Family-owned deli and store offers unique imports

Erika Bradley

Located at 59th Street and Folsom Boulevard, Corti Brothers Gourmet Italian Grocery has provided Sacramento with unique, quality, imported goods that cannot be found anywhere else in the area.


Opened by brothers Frank and Gino Corti in 1947 with the goal to provide European foods to the increasingly diverse community, Corti Brothers remains as one of the few neighborhood grocery stores still around from that period.


It is widely known for its deli with an extensive selection of bacon and hams, bologna, cheeses, cold cuts, sausages, salami, liverwurst, pates, chicken and turkey.


Although both Corti brothers have passed, current store director Rick Mindermann said he recalls what Frank Corti always said.


“You might find some delis in Sacramento, [but] Corti Brothers has a delicatessen,” Mindermann said.


The grocery store provided gourmet goods that people of eastern and western European descent could not find in the typical grocery store due to the lack of culturally diverse foods in the ’40s.


“Our forte was being shopkeepers, knowing food and wine and knowing our customers,” Mindermann said.


Today, employees continue the tradition by helping customers pair food with wine, advising on  ingredients to substitute for others and how to prepare real deli Italian sandwiches.


In the pasta aisle sits the rare Farfalline, or bow tie pasta noodles with colorful stripes on them. Mindermann said it was more of a decorative addition than flavorful, and the stripes are dyes of other foods.


“Some of them hold their color, some of them don’t. It’s more of an art style,” Mindermann said. “Green is typically spinach, the reddish color is usually beat, the orange is carrots and the black is either squid ink or cuttlefish ink.”


Current owner Darrell Corti, Franks Corti’s son, has traveled across the country in search for different foods and wines for the store. He has introduced products from Europe and Asia to the U.S. for the first time.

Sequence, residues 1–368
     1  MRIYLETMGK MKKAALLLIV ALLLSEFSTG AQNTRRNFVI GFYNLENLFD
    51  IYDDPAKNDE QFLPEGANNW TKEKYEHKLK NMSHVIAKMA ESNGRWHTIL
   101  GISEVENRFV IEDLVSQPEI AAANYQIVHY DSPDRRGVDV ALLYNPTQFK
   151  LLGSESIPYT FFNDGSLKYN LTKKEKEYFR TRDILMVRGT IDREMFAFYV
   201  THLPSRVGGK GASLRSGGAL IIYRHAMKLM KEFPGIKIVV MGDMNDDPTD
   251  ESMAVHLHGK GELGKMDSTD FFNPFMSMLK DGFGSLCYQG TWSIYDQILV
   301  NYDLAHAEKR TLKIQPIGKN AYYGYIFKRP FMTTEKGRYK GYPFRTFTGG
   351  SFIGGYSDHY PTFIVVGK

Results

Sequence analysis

Darrell Corti has also introduced many imports such as real balsamic vinegar, fresh white truffles and real Italian parmesan cheese.


Not all imports are popular enough to stay on Corti Brothers’ shelves, but there are some that have remained popular for decades.


“In 1980, we imported an oil from Spain called serrano, which became  [so] popular that we started selling them to all the famous restaurants in Berkeley,” Darrell Corti said.


Mindermann has not only worked for with the Corti family for decades, he has also joined Darrell Corti on some of his travels.


“[Darrell’s] travels see him seeking out just about anything you can imagine in food and wine, and when he finds something that is a good fit for Corti Brothers, he will import it, develop it and offer it in our market,” Mindermann said.


Darrell Corti is internationally known and has a newsletter in its 38th year of publication, which features numerous foods and wines. The fall 2013 newsletter focused on the traditional method of red wine vinegar and explains what the product can bring to a meal.


“[Darrell is] the director of the most prestigious, largest, international olive oil competition in the world, which is the Los Angeles International Olive Oil Competition,” Mindermann said.  


Customer Jack Warren has shopped at Corti Brothers for nearly 50 years and said the market has stayed consistent in having good products and he has learned a lot about wine from Darrell Corti.


“I learned that Darrell knows more about wine than anybody in the United States,” Warren said. “I once had a bottle of wine that I told Darrell was a 1929 third growth with a split and he said I didn’t, that it was a 1927 because 1929 was the depression and they didn’t make one [then]. He was right [and I] never doubted him since.”


Corti Brothers provides a variety of ethnic food products and can help customers expand the knowledge of meals they can make themselves.